As I ripped up a piece of paper at work the other day, I smiled at my co-worker and said, “frugal shredder.”
He pointed out that it was really a cheap shredder and did not do as good a job as an actual shredder. A frugal shredder would do the same job, but for less over time. Darn engineers – always right.
It did get me thinking though – there is a difference between being frugal and being cheap. In my mind, frugal means that you want to get the most for your money and therefore spend it carefully. On the other hand, cheap implies that you will just spend as little as possible, no matter what.
Sometimes the budget is so tight that cheap is necessary.
When you can swing it, frugal is better in the long run.
Here is one example – I somehow manage to plow through the vacuums. Maybe I am a super-duper-vacuumer? I’m not sure, but it seemed like every 12-18 months, we were facing a broken beyond repair vacuum situation and were spending over $125 a pop to get a new one. In 2003, I was wooed by the promise of no bags and no loss of suction by Mr. Dyson. We bought the first Dyson Animal and LOVED it. It served us faithfully for over 9 years to the tune of $400 – in fact, it still does a good enough job in the basement most of the time. It would have cost me more like $750 to vacuum for those 9 years if I had continued with my 18 month cycle. So, over 9 years I saved $350 and about 5 trips to the store. Works for me.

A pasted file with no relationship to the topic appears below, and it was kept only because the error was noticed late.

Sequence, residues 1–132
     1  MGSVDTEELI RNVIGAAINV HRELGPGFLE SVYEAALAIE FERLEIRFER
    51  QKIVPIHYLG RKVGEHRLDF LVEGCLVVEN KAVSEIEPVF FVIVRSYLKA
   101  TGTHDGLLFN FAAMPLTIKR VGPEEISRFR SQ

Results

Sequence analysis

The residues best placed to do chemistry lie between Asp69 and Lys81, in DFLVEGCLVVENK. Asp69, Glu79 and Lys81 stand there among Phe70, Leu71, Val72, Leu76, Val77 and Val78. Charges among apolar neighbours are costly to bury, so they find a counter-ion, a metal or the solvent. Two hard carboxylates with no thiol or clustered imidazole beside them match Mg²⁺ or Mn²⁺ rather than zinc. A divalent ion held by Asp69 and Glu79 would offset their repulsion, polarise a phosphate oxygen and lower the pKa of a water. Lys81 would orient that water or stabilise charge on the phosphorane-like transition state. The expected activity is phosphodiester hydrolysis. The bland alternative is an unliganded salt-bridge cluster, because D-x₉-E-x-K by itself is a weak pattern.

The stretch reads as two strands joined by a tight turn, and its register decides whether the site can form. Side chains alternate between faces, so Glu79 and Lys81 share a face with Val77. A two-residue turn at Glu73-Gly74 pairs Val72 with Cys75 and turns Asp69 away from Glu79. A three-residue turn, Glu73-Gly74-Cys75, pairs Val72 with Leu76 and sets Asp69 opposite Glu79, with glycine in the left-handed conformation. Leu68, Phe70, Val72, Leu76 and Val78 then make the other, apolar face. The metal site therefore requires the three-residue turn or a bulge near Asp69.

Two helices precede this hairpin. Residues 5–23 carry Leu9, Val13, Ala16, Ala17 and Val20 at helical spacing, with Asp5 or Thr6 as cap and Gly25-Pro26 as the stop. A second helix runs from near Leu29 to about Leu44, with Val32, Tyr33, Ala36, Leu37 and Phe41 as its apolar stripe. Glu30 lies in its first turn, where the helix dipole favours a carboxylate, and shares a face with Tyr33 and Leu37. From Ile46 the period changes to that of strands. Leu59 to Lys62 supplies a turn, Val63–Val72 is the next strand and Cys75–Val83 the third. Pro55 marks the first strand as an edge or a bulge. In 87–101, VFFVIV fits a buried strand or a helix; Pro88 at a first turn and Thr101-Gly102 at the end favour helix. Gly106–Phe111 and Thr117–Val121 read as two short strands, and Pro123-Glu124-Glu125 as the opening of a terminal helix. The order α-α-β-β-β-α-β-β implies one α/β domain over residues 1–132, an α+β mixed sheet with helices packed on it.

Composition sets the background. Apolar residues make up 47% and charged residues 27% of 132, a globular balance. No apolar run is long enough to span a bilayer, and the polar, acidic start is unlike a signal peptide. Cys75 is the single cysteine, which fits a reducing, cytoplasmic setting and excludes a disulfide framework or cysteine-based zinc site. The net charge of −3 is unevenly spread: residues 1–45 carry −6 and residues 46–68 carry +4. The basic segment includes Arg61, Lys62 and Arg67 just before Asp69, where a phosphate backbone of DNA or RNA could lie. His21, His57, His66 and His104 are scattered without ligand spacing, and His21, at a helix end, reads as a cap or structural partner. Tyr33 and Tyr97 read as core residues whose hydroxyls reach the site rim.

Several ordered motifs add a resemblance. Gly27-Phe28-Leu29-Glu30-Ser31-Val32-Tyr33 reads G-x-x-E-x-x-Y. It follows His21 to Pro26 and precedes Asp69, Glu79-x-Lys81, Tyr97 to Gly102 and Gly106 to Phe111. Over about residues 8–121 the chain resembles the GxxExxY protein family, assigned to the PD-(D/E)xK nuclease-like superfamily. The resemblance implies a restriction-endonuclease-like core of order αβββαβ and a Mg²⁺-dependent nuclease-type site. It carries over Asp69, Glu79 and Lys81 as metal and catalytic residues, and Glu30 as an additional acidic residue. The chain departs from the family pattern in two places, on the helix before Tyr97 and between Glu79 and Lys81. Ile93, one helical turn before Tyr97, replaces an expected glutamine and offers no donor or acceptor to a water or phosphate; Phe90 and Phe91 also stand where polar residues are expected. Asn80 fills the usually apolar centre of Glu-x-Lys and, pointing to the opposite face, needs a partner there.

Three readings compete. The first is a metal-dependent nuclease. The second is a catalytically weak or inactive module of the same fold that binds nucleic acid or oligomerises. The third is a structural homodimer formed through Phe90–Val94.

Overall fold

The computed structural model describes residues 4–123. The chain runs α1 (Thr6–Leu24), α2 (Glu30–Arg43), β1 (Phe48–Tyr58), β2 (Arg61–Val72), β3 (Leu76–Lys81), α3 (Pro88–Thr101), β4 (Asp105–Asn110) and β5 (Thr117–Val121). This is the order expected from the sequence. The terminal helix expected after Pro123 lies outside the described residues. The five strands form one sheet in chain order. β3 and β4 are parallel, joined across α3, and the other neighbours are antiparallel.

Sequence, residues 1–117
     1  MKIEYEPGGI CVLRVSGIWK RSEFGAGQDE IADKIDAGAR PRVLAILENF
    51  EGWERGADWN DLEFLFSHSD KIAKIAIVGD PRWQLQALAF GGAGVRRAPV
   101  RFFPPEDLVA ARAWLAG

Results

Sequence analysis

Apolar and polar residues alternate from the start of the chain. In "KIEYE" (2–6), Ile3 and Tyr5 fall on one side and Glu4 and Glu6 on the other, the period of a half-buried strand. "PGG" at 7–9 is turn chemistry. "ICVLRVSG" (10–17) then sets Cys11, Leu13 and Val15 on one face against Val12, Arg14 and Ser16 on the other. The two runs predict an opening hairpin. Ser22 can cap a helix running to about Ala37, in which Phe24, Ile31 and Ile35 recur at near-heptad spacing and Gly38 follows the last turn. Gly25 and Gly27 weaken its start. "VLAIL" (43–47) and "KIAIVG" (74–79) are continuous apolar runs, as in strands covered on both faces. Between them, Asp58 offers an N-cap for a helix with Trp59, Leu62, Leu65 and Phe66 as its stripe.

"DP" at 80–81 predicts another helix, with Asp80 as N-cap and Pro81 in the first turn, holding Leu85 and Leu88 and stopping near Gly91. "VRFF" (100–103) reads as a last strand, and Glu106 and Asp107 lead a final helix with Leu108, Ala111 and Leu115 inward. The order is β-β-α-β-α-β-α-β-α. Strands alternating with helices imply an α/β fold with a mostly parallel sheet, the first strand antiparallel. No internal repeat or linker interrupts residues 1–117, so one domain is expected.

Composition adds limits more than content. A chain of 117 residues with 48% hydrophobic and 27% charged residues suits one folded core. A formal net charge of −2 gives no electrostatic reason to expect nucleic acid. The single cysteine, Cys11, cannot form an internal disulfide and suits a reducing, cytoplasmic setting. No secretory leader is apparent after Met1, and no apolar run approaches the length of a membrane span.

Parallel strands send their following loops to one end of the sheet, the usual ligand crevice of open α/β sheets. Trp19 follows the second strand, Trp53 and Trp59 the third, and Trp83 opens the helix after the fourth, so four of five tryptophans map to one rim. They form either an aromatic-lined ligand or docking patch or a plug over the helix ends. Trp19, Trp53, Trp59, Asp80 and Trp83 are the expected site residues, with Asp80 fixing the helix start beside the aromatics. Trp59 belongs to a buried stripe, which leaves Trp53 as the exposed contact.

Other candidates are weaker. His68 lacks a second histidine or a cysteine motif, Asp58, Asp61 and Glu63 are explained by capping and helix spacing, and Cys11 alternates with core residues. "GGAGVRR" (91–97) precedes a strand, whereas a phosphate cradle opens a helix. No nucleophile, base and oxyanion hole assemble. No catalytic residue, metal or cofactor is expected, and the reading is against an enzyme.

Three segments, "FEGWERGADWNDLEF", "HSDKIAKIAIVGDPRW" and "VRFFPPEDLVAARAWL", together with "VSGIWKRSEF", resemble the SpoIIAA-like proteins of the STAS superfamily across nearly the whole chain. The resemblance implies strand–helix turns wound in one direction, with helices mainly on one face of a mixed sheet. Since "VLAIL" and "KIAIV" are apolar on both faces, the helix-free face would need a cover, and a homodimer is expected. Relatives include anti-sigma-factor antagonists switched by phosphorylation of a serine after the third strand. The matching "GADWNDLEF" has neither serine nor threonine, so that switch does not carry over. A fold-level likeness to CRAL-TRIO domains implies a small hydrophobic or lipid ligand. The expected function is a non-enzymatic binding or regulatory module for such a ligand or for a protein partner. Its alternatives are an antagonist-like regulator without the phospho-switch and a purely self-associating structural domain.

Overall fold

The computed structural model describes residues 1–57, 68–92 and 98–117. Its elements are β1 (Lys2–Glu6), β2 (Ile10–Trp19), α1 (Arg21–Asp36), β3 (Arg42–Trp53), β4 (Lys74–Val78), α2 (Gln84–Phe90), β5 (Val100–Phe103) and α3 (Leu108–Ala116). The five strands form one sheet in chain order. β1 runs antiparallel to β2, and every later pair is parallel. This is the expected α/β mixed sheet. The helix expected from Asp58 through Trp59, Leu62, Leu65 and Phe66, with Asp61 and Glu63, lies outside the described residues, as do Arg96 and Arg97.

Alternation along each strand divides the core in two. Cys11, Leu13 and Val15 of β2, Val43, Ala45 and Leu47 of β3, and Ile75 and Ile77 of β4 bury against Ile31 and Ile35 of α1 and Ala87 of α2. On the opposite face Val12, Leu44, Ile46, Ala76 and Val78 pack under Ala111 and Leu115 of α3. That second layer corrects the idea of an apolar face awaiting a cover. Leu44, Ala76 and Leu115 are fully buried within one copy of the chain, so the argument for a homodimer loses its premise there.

Sometimes being frugal is not about how much you spend, but whether you buy at all. Example 2 – I don’t really love to shop, but I do get a bit giddy when I find myself in Target (or any store) with a nice clearance selection to shop. Can I get something lovely for cheap? Oh, it is so fun. Unfortunately for my fun side, my frugal side has caught up with me. I have put waaaaay too many cute clearance finds in the Goodwill box over the past years. It finally dawned on me that buying it just because it is cheap actually costs more than NOT buying it because I don’t need it and can live without it in the long run. In this case, spending less up front is the more frugal option.
It can be tricky – frugal vs cheap. And sometimes I find myself trying to use being “frugal”as an excuse to get what I want. Ever think something like this? “Well, this one is more, but the quality is so much better.” And you know that it is probably not that big of a difference – you just want the nicer thing? Or want to buy something for yourself when renting it or borrowing it or doing without it would do? I have been there, too.
So, as usual, nothing is simple! But, these are some thing to consider when you are thinking of making a purchase – big or small.